My next stop is the pharmacy. The pharmacist just laughs at me and tries to be funny by saying, "Just rub sand in his hair and light him on fire." The SB in me wants to tell him where he can put the sand but I ask for the aisle with lice shampoo instead.
At home we shampoo and comb with this torture device that came in the box. Gobs of little bugs and eggs show up in the comb. (Hurling again). After that, we throw out his pillow. Change the sheets. Vacuum the bed, couch, chairs, rug and car seat. All his clothes with anything else he might have infested are put in dark plastic bags and sealed tight for days to kill the beasts.
I wanted to get into a plastic bag.
Next I check my younger son. Whew! No lice. I check myself as best I can and I also come up clean.
My older son is still itching.
I call my SB sister-in-law who is a nurse practitioner. She suggests vinegar and plastic wrap on the hair for 15 minutes followed by more combing. My poor boy sits there smelling like and Easter egg and looking dejected as the vinegar makes his eyes water. He turns to me and says in a serious voice, "We shall never speak this."
If only he had said we shall never blog of this.
Tuesday, September 11, 2007
Monday, September 10, 2007
I saw the drivers side window come down slightly and fingers pop through with some sort of wrapper that floated to the ground outside the behemoth auto. I could feel the kids start to fidget in the car as they knew I was not going to let it go. They probably flashed back on the time I tracked two neighborhood guys who dropped Taco Bell wrappers on our street and showed them how easily the bags would fit in the trash cans in their own back yard. Or another grocery store incident where the posh woman in the cashmere and pearls finished her free ice cream sample and threw the stick and wrapper on the ground not 2 feet from the friendly garbage can. She too learned how to "stop, drop and be droll."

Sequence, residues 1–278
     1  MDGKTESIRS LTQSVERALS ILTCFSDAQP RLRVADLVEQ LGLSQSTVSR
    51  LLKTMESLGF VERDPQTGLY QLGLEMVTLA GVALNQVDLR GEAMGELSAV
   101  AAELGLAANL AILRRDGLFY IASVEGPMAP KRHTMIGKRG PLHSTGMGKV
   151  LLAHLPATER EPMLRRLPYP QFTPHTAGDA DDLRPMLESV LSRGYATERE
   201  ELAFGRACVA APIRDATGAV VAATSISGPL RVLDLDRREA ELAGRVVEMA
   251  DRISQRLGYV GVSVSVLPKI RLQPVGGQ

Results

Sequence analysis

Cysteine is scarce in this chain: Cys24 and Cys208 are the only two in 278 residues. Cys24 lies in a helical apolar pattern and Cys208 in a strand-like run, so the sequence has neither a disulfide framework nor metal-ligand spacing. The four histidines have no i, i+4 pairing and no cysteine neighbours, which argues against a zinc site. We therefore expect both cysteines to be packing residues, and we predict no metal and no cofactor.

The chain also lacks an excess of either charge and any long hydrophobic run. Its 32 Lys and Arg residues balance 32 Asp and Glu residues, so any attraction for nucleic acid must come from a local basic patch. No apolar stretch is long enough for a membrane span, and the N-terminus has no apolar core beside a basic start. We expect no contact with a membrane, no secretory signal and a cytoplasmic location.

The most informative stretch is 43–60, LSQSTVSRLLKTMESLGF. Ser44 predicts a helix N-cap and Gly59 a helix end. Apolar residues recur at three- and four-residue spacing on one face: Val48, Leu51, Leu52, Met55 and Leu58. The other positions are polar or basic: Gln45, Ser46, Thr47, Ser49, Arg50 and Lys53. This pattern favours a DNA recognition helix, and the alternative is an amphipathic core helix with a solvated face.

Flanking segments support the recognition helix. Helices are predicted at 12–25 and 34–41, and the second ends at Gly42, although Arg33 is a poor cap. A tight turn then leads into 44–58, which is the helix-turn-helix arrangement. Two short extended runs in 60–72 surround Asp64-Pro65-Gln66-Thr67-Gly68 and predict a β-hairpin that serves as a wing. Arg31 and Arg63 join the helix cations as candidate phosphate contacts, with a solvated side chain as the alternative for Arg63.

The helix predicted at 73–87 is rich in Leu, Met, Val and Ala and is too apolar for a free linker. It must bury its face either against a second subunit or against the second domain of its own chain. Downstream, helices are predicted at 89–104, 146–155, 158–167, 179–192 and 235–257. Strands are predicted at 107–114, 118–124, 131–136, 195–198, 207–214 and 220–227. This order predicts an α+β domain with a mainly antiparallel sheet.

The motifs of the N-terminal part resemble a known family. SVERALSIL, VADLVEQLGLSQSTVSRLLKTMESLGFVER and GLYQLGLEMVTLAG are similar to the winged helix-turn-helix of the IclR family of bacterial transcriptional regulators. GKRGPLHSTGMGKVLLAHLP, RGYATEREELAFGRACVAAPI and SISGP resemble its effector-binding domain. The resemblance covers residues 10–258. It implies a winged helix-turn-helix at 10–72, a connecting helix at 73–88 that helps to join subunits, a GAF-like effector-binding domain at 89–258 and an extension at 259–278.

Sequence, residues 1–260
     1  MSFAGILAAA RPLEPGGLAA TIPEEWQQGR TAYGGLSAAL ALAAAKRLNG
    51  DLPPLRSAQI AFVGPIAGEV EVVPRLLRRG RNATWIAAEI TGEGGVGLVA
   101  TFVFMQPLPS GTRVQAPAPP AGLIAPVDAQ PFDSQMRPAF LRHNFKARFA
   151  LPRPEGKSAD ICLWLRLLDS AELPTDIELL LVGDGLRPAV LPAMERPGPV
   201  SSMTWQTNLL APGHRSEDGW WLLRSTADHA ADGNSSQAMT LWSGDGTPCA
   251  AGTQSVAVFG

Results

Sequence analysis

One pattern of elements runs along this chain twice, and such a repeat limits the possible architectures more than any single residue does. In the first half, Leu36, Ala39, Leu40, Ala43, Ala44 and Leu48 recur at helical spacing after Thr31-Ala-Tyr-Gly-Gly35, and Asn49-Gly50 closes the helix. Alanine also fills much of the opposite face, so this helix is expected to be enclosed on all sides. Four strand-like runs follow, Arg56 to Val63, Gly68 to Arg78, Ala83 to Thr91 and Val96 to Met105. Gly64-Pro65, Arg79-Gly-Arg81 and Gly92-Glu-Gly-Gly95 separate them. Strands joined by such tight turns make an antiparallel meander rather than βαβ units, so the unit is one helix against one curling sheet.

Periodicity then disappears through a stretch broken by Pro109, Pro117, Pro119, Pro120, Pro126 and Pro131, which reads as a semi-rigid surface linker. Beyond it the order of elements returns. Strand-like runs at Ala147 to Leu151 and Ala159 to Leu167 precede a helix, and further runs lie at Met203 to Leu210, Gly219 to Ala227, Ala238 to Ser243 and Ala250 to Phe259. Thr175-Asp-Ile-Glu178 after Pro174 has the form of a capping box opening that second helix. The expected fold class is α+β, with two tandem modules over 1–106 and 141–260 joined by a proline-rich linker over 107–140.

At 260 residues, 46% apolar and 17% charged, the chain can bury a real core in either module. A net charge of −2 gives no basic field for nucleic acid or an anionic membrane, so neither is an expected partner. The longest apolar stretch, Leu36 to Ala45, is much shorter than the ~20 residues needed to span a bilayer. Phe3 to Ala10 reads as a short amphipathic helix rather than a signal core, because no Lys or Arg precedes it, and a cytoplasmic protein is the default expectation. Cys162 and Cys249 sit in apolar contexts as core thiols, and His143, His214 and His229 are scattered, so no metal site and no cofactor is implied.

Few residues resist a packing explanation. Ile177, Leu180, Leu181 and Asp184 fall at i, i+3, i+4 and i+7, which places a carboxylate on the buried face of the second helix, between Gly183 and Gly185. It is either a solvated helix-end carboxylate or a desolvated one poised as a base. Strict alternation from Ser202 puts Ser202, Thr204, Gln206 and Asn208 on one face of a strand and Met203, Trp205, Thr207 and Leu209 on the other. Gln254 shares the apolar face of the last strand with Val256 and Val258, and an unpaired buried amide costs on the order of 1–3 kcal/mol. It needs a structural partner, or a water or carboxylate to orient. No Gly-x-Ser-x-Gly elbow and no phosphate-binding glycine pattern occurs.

So, as the boys cowered inside the car I jumped up about 6 feet in the air and knocked on the SUV window. The window came down as I picked up the wrapper and held it up to the middle-aged-and-should-damn-well-know-better driver inside. I said, "Come on, let's not do this. It's a beautiful world." And he...
Took the wrapper back.
I guess I'll never really know what happened to that wrapper, but I do know this, my sons know better than to toss their garbage on the ground, and that means an SB has done her job right.
Sunday, September 9, 2007
I love to dress up. It is even better that I have two kids I can make costumes for from scratch. You heard me. I make costumes. No one-size-fits-all, sewn by slave labor, cheap looking knockoffs for this family. As a kid, my mom sewed our costumes and I have taken up the gauntlet. Hell, I've even made a few gauntlets.
In college, my theater and dance crowd always had the best Halloween parties. Two of my favorites: the "Princess Di Royal Wedding Party" (a friend of mine came as an anarchist and of course the Queen Mum was a man), and who could forget the "Come as Your Favorite Tragic Death Party" with classics like having an Alien popping out of the chest or the hospital patient with a cord hanging out that he let you unplug for a beer.